Ketubot 93 - 99
- Dividing the deceased husband's funds between his wives
- Dividing the profits when one partner invested more than the other
- Two documents of sale bearing the same date
- The mother who gifted two sons the same property
- The wife who waived her claim to the property mortgaged for payment of her ketubah while the other wife did not
- A gift made to one recipient on condition that after him it should go to another designated party
- Obligations of the heirs towards the widow
- The disciple's obligations towards his teacher
- The widow who failed to demand support from the heirs and the one who sold the inherited property for her support
- Selling her ketuba rights for support
- When the agent buys a bargain who gains the difference
- When the agent or the one who sent him is guilty of embezzlement of sacred property
- Other dimensions of the law of agency
Serving the Master
- Ketubot 96a
The disciple of a Sage has a responsibility to serve his teacher as a slave serves his master. This ruling of Rabbi Yehoshua ben Levi is followed by a warning from Rabbi Yochanan that the teacher who denies his disciple the ability of serving him is guilty of withholding kindness from him.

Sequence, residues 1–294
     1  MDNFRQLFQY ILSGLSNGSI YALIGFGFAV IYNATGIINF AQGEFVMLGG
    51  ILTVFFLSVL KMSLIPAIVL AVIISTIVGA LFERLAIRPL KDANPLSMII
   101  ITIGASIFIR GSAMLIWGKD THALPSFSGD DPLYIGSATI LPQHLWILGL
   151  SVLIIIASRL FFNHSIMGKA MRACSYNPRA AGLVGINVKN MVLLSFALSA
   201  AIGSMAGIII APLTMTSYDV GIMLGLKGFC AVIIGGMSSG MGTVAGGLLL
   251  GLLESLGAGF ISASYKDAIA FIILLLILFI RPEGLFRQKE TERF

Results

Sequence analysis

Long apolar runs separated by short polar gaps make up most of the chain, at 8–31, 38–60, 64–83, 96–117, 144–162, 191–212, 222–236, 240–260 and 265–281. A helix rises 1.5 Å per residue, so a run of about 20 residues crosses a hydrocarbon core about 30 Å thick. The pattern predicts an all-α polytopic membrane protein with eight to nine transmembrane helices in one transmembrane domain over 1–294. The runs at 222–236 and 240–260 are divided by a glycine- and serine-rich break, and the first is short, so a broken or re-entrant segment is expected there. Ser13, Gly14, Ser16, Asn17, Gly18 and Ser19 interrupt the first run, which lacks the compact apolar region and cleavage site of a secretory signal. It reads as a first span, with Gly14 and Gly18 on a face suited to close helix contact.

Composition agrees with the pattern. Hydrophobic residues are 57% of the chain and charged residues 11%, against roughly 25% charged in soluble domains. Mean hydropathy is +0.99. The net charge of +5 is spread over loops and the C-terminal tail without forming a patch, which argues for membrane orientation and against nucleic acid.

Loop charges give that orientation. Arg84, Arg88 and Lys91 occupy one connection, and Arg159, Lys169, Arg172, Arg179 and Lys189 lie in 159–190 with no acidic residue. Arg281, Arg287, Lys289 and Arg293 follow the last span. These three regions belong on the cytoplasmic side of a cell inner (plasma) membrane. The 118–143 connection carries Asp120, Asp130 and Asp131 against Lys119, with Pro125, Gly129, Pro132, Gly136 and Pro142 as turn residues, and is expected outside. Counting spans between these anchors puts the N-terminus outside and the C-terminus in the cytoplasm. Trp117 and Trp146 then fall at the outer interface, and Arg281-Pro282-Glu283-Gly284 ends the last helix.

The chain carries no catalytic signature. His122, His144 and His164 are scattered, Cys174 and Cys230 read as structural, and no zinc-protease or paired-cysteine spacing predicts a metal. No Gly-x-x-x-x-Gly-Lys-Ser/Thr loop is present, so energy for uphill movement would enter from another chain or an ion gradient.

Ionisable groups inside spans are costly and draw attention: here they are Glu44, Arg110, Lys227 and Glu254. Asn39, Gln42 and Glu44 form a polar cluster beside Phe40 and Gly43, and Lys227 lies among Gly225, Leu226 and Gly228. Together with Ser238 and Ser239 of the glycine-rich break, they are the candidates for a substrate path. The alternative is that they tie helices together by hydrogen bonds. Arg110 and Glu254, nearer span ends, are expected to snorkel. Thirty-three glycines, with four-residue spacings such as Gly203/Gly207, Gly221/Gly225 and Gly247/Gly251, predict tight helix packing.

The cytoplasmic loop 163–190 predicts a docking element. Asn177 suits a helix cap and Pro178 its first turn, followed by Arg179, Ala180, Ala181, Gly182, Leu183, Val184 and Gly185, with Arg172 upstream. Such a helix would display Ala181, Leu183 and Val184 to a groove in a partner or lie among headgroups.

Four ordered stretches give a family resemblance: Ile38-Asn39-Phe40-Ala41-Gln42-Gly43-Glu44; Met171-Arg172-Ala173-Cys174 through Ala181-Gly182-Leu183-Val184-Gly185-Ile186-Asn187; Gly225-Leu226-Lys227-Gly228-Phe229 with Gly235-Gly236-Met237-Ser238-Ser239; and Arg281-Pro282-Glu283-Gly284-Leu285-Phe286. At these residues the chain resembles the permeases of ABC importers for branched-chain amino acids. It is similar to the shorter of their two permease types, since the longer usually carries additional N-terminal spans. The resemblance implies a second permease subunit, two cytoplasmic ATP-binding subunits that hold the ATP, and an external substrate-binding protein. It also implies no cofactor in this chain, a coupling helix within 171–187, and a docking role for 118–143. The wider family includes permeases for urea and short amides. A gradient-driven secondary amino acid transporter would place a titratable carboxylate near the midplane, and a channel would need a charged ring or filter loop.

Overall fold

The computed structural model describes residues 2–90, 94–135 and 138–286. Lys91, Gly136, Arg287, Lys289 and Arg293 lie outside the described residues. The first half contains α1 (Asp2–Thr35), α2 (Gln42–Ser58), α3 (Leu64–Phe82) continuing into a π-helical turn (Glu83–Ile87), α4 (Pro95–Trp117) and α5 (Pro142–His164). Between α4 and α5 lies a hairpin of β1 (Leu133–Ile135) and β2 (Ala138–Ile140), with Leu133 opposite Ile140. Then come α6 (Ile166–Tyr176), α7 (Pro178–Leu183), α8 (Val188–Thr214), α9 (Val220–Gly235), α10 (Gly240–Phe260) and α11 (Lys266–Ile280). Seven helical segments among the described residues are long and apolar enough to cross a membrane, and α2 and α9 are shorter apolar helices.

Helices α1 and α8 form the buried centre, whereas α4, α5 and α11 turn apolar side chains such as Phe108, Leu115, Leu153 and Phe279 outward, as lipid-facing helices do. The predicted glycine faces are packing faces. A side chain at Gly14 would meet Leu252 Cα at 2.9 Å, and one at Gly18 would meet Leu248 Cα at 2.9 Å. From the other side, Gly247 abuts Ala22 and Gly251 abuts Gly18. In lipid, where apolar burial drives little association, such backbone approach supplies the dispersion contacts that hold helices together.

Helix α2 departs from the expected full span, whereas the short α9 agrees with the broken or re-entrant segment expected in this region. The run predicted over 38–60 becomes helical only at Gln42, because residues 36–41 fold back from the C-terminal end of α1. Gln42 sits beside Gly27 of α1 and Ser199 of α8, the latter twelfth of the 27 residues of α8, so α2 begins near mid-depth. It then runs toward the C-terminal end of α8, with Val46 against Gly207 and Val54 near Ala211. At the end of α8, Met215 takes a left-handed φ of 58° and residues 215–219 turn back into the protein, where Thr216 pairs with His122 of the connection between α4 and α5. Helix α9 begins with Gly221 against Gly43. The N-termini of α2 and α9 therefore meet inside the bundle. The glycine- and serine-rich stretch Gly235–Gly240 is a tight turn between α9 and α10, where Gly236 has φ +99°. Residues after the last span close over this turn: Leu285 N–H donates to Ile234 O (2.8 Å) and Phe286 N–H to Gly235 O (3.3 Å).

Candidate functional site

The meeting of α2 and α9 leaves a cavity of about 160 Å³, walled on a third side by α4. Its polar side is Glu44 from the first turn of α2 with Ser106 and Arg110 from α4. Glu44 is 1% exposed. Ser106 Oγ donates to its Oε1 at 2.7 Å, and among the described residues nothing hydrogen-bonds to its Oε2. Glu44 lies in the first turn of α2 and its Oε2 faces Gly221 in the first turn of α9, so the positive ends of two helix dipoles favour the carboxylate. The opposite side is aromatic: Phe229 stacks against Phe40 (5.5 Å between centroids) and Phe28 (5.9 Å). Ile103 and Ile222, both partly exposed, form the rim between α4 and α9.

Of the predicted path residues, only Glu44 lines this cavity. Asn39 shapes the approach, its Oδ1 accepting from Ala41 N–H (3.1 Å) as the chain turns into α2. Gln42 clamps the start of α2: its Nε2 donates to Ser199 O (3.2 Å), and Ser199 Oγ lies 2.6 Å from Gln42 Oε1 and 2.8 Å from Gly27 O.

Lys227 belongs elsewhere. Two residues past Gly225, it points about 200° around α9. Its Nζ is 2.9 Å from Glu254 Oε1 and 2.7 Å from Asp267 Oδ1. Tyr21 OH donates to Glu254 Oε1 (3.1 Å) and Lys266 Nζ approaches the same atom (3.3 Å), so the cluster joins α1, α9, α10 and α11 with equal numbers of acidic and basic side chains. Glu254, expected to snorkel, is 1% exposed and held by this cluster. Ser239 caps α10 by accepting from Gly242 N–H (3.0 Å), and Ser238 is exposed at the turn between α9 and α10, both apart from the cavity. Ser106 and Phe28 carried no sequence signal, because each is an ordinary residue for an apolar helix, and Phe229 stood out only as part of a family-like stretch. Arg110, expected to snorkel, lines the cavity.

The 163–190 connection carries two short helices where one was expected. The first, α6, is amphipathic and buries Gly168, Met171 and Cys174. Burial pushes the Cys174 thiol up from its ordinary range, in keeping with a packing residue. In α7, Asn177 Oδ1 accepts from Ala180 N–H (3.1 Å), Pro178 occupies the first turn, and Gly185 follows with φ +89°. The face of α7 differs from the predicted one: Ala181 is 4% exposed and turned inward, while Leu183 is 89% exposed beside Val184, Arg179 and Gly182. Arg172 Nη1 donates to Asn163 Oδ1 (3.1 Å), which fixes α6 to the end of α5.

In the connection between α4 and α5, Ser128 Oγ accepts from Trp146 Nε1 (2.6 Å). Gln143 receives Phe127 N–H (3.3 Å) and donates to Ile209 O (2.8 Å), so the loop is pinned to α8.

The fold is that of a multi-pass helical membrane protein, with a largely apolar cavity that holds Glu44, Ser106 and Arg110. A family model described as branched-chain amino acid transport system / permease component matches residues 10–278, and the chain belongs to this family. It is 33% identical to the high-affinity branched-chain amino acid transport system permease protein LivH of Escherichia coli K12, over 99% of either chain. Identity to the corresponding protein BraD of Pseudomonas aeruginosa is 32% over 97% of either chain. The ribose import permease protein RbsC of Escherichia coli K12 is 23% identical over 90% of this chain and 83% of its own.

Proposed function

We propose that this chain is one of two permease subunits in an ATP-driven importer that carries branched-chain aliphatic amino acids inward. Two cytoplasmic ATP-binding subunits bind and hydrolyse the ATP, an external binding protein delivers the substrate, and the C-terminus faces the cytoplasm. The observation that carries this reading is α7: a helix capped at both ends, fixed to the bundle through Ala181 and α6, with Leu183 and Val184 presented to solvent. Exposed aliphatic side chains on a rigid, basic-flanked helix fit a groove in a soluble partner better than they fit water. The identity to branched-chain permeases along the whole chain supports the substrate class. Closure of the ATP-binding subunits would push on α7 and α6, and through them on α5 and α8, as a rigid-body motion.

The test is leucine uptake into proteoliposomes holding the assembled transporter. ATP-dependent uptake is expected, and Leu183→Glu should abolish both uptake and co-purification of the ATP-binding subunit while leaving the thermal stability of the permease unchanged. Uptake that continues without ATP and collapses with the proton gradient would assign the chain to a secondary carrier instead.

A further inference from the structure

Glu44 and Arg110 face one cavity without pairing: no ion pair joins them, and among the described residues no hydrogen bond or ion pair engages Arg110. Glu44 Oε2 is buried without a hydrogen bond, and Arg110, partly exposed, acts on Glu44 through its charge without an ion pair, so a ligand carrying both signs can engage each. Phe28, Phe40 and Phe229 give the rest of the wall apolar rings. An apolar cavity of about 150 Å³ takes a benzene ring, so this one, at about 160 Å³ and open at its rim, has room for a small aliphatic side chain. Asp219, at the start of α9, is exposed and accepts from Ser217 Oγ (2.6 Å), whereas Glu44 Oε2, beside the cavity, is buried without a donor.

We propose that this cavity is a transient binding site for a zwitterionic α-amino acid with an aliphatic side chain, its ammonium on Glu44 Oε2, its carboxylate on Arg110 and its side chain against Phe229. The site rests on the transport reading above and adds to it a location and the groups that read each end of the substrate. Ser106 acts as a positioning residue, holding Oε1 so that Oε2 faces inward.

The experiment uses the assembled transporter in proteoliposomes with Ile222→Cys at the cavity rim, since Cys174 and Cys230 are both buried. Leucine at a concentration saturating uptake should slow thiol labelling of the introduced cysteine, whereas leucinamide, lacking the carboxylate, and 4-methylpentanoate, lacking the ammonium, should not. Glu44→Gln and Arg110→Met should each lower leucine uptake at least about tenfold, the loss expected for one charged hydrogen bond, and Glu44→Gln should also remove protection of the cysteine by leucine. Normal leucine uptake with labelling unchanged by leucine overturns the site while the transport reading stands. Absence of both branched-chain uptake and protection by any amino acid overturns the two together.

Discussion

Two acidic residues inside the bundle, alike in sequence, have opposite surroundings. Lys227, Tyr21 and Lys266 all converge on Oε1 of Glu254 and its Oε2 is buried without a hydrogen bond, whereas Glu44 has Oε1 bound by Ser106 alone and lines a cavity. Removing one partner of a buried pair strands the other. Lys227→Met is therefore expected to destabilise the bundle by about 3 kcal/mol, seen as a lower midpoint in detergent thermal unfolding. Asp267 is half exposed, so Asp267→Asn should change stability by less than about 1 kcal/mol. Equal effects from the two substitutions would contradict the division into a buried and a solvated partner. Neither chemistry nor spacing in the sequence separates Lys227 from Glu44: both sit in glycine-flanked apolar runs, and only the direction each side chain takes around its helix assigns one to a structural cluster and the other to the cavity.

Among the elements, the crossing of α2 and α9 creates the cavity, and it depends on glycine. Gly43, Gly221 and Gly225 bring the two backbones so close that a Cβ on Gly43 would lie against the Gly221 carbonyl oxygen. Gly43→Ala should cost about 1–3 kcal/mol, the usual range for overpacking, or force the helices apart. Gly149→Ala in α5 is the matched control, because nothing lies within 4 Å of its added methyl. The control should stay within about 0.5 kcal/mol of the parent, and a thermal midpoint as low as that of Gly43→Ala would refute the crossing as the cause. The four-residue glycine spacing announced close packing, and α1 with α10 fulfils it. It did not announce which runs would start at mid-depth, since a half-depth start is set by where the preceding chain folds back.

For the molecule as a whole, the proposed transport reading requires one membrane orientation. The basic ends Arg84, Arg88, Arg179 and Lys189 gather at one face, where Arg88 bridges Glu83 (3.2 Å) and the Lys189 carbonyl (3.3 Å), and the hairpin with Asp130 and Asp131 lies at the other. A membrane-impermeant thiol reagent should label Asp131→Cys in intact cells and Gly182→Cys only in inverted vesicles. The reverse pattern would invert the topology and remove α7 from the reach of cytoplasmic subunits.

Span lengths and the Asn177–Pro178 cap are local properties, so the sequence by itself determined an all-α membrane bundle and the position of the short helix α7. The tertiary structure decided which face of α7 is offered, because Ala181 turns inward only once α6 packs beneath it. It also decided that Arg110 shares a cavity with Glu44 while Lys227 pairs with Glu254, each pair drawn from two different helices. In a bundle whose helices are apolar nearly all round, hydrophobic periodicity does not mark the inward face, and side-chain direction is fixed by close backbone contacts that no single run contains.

One approach is that he is referring to the actual physical service such as that mentioned by Rabbi Yehoshua ben Levi. This is based on the concept mentioned in Pirkei Avot (4:12) by Rabbi Elazar bar Shamma that "respect for your teacher must be like respect for Heaven". Denying the disciple this opportunity to express his respect for Heaven in this tangible way is therefore considered a withholding of kindness.
A different approach is that the service mentioned by Rabbi Yochanan is participating with the Sage in the study and application of halacha. Regarding such denial Rabbi Shimon Chasida has stated (Sanhedrin 91a) that one who withholds the teaching of halacha from a disciple is cursed even by the children still in their mothers' wombs. The meaning of service in this approach is learning the halachic process from the teacher. Although this seems to negate the physical service mentioned in the first approach there is actually a connection between the service mentioned by Rabbi Yehoshua ben Levi and that of Rabbi Yochanan. The reason for the disciple's obligation to physically serve his teacher is that he should always be near to him and thus learn halacha from him.
What the Sages Say
"The teacher who denies his disciple the opportunity to serve him is guilty of removing from him the fear of Heaven."
- Rabbi Nachman bar Yitzchak - Ketubot 96a